Stylish creamy Champagne with light red fruits, and hints of brioche. Serve with a few nibbles (Champagne is great with cheese straws or biscuits) or with fish dishes.

Stockists: O’Briens

Jurançon Sec 2015 Clos Lapeyre
13.5%, €21

A heady mix of citrus peel, fresh mouth-watering pineapple and peaches with a subtle note of hazelnuts, finishing dry. I can see why Colette got so excited. A great partner for grilled salmon steaks with a buttery lemon sauce.

Stockists: World Wide Wines, Waterford; 64Wines, Glasthule; Martin’s, Fairview; Fallon & Byrne, Exchequer St

Burn Cottage Moonlight Race Pinot Noir 2011, Central Otago
13.5%, €48

A magnificent wine with refined, layered lush black cherry fruits that gently caress the palate. Sophisticated and satin smooth, this will surely thrill your Valentine. As with the Pinot above, drink alongside duck, chicken, tuna or salmon.

Stockists: Thomas Woodberry, Galway; Redmond’s, Ranelagh; wineonline.ie; Jus de Vine, Portmarnock

Posted in: Irish Times

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Wine that won’t wear out your wallet this January. Laurent Miquel and Jean Claude Mas

How do you tell a great winemaker? For me it is not by tasting their flagship wines, the top-of-the-range stuff that costs €50 or more. Given the finest grapes and a generous budget, even the average winemaker can come up with something drinkable. But many struggle to come up with good everyday wines at a reasonable price.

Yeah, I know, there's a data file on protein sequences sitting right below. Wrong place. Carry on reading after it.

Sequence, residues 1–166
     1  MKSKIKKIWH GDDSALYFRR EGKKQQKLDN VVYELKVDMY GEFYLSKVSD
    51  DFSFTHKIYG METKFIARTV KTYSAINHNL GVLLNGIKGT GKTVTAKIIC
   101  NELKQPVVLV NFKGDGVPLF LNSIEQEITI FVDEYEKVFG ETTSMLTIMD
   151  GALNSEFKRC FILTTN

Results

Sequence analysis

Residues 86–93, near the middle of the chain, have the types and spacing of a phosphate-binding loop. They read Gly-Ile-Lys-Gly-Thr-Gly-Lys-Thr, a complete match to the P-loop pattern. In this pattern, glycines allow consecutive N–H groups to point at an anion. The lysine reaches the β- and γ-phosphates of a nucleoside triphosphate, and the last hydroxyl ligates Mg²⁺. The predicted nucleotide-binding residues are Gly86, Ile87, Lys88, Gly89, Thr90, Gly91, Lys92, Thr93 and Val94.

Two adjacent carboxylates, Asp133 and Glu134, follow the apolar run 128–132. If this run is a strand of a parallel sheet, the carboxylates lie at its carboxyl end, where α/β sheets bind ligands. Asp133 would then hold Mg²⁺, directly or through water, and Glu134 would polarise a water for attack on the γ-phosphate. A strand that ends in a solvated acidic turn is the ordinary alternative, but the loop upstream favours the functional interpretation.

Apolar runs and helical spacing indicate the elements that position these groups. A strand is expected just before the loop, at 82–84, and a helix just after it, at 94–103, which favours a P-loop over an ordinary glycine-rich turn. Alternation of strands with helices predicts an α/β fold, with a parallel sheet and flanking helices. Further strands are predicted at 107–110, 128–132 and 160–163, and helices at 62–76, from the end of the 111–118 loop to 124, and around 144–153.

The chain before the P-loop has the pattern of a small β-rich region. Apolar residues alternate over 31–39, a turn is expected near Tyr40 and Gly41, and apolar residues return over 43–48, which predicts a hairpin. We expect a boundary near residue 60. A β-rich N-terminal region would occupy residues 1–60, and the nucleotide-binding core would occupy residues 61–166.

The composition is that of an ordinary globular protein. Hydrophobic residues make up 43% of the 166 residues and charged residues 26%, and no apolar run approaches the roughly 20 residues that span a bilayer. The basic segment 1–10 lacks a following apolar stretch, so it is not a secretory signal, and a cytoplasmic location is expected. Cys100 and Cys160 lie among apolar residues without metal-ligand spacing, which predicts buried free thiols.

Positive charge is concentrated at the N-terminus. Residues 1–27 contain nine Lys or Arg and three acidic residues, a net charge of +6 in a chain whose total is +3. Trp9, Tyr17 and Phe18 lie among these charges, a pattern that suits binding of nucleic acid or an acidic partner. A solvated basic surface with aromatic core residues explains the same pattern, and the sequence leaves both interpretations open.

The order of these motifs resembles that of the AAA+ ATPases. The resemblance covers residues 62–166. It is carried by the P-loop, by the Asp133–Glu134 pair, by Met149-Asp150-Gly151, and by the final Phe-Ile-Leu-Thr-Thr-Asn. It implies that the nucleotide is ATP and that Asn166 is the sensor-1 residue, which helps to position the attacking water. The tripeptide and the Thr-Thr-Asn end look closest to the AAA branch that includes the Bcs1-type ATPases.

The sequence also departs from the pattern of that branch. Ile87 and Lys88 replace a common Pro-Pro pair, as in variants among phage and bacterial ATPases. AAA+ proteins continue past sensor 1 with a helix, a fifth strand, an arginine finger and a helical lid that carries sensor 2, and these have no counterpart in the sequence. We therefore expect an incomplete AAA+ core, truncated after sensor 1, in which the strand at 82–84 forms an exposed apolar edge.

This week, two successful, innovative producers making attractive wines for every budget. Both are based in the Languedoc-Roussillon region, in southern France, the source of many inexpensive wines. Both make some seriously good wines, but, given that it’s January and we’re probably all feeling the post-Christmas pinch, we’ll concentrate on the less expensive.

Laurent Miquel

Laurent Miquel’s family has been in the business since 1790, but he wasn’t always sure if he wanted to follow the previous seven generations. Instead, he studied engineering in France and took a master’s in quality assurance at Leeds University before working with Nissan in Sunderland.

He finally caught the wine bug, returned to France to study oenology, and made his first wine in 1996. The business has been a huge success.

“It is much easier to sell Chablis, champagne or New Zealand Sauvignon,” says Miquel, “but in the Languedoc, we offer diversity, personality and real value for money. We make very fresh, very drinkable wines, and slowly we have built up a solid base of consumers. We are always driven by quality; 80 per cent of what we do is about the vines and the grapes.”

The wines have been stocked by SuperValu, Tesco and Marks & Spencer, and are currently sold by both Dunnes Stores and O’Briens.

The Mas family

The Mas family has been growing grapes and making wine since the late 19th century. In 1987 Jean-Claude Mas received 35 hectares of vines from which he built Domaines Paul Mas, a group of nine estates scattered around Languedoc-Roussillon. In addition, he makes eight signature ranges, including the Arrogant Frog wines, that will be familiar to many. (The wines are usually very good.)

His Château de Martinolles, in Limoux, has featured in this column several times, as have other of his wines, and you will find his bottles in Ireland’s best wine shops and restaurants.